SPECT stands for single-photon emission computerized tomography. In layman’s terms, it’s a type of non-invasive nuclear imaging test that allows your doctor to see how well your internal organs are functioning. It uses a radioactive substance and a special gamma camera to create 3-D pictures of your organs at different angles.
Gamma cameras like the Digirad Cardius® 3 XPO and the X-ACT+ employ advanced solid-state technology that uses a silicon-based photodiode, coupled with cesium iodide (CsI). The technology not only offers better sensitivity and high energy resolution, but it also makes the camera smaller in size than a traditional MRI machine. And, with their open and upright design, they’re much more ergonomic and patient-friendly.
While an x-ray takes a picture of what your organs look like at a given point in time, a SPECT image shows blood flowing to and from the heart or blood flow restrictions due to narrow or blocked arteries. It can also be used to evaluate brain and neurological conditions and bone disorders.
In what cases is SPECT imaging ordered?
Not only can SPECT imaging capture how well your heart is performing, but it can also help diagnose disease processes that may be underway, including narrowing of the arteries, clogged arteries, identifying scar tissue due to heart attacks, or evaluating the success of surgeries like bypass surgery.
How does SPECT imaging work?
SPECT scans use a radioactive material called a tracer. The tracer is injected intravenously and mixes with your blood. As your blood moves through your body, it’s “taken up” or absorbed by your living heart muscle.
The Digirad Cardius® 3 XPO and the X-ACT+ allow for patients to be imaged in a comfortable seated position but other gamma cameras require you to lie down on a table. During the scan, the SPECT camera rotates around you. It picks up signals from the radioactive tracer, which are then converted to 3-D images by a computer.
When you undergo a nuclear stress test, a SPECT scan will be taken while you’re exercising and again when you’re at rest. The comparison of the images will allow your physician to evaluate blood flow under different levels of exertion.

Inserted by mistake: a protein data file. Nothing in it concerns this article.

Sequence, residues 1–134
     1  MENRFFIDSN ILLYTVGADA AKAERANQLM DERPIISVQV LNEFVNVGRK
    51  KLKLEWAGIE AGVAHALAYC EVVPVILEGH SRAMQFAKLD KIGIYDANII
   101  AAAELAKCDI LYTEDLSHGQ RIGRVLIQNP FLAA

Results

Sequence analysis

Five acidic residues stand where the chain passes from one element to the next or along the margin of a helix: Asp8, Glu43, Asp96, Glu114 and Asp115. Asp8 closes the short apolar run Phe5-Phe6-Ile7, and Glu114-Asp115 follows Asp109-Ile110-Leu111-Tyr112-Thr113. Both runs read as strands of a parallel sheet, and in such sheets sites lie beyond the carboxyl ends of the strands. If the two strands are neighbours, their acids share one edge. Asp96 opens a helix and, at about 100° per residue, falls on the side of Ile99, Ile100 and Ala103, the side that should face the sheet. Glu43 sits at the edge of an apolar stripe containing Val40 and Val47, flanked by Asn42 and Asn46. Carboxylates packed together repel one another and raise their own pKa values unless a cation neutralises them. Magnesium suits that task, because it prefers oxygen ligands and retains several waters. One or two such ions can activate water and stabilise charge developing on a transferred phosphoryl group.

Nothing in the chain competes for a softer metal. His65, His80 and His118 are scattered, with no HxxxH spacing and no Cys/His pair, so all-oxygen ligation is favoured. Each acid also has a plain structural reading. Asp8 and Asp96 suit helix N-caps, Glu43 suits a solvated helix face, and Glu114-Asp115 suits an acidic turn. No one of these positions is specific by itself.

Your images may show different shades of color that will indicate which areas of your heart absorbed more of the radioactive tracer and which areas absorbed less. A normal test result indicates there is sufficient and unrestricted blood flow to your heart, while an abnormal result means your heart’s blood flow is insufficient. Once your physician reviews your images, you’ll meet to discuss the results and any necessary treatment plan.
What are the risks of SPECT imaging?
SPECT imaging is generally safe and most patients can go back to their normal activity right away. The amount of radioactive material injected into your bloodstream is small and your body will expel it through your kidneys in 24 to 72 hours. Be sure to drink plenty of water for a few days following the procedure.
If you are pregnant, think you may be pregnant, or are a nursing mother, be sure to notify your doctor prior to the scan. The test uses a low-dose of radiation, which is contraindicated for pregnant women. Nursing mothers may be advised to wait additional time before nursing again so that your body can excrete the tracer.
Patients may also have an allergic reaction to the radioactive tracer, although it’s uncommon.
SPECT imaging is a popular, cost-effective, and safe method of evaluating your heart and diagnosing disease. While you may be a little anxious, be assured that the scan is painless and it provides important clinical value to your physician.